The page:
Rings and Recombination
Genetic recombination in bacteriophage lambda relies on DNA end processing by Exo to expose 3' tailed strands for annealing and exchange by Beta protein. Beta resembles human Rad52 in which a positively charged groove around the central hub of the ring leaves nucleotide bases accessible for annealing to complementary ssDNA. Exo and Beta do not simply constitute separate steps in initiation of recombination, they physically associate suggesting that degradation and strand annealing reactions are coordinated. Bacterial SSB protein blocks access of recombinases. Orf protein therefore serves to load Beta or RecA onto DNA coated with SSB to promote recombination reactions. This accessory role is conserved throughout biology.

X-philes: RuvC and Rap
Our group has a long-term interest in phage endonucleases which target branched DNA recombination intermediates. Specifically we are studying structure-specific endonucleases from phage lambda (Rap) and phage bIL67 from Lactococcus lactis (RuvC) to explore how 4-way Holliday junctions and 3-way replication forks are distinguished at the molecular level.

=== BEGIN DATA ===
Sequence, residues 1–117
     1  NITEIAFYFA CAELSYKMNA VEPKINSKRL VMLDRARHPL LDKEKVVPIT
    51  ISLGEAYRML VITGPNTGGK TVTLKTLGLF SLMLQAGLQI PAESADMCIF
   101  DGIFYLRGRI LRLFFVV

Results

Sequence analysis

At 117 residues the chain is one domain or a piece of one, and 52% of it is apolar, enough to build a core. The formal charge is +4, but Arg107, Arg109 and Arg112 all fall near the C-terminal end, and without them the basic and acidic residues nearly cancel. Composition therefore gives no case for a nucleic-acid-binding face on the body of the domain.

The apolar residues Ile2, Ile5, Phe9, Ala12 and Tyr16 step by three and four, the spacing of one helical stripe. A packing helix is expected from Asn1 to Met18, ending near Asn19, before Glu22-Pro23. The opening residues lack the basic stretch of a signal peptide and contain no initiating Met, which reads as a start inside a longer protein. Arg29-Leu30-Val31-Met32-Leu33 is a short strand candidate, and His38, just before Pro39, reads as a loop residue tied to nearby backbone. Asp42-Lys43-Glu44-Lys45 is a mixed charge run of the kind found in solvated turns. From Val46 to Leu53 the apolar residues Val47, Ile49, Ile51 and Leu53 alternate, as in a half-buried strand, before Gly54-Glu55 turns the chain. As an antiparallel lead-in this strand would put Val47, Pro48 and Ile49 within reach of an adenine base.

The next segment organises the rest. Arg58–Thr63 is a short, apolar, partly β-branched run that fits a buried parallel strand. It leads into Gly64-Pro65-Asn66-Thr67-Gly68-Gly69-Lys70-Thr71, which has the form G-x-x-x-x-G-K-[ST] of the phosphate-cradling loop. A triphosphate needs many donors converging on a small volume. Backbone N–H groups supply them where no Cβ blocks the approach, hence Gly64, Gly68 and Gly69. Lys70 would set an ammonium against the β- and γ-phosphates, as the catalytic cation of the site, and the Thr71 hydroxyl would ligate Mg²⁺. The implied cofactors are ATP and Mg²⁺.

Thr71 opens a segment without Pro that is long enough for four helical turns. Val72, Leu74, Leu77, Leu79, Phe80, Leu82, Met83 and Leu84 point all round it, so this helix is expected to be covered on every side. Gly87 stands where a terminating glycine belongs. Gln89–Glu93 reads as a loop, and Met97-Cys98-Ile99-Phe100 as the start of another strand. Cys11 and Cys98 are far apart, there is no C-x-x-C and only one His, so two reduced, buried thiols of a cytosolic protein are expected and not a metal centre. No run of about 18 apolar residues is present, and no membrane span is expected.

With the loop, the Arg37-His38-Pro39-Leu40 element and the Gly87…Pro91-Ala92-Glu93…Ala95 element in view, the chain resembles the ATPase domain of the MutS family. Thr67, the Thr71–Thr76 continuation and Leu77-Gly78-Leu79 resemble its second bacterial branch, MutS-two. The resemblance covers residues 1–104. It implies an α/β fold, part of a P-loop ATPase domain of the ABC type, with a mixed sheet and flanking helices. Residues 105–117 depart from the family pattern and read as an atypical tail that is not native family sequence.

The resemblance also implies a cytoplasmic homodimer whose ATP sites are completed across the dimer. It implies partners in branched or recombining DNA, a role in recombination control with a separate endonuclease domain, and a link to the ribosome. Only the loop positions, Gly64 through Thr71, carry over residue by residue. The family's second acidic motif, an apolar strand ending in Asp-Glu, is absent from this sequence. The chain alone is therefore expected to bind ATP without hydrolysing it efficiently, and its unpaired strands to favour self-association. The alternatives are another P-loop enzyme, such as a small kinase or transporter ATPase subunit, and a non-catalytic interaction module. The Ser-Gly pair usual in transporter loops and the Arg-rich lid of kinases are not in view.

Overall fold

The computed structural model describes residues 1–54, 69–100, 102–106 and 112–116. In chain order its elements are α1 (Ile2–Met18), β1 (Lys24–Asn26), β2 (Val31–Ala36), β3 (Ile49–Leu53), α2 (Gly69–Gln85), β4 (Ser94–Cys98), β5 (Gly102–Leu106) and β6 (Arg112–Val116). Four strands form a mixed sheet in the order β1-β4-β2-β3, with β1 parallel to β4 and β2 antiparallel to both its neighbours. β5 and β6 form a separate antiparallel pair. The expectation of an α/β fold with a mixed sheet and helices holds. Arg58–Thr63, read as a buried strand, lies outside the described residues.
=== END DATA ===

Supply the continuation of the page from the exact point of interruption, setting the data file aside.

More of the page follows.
We are also interested in novel antimicrobial surfaces, peptides, peptoids and other small molecules in partnership with a number of chemists, including Steven Cobb, John Sanderson, Ritu Kataky, Karl Coleman, Jas Pal Badyal and Neil Cameron.

Research Groups

Department of Biosciences

Wolfson Research Institute for Health and Wellbeing

Research Interests

  • Bacteriophage genome rearrangements
  • Evolution of bacterial pathogenicity
  • Horizontal gene transfer
  • Mechanisms of homologous recombination
  • Antimicrobial surfaces and peptides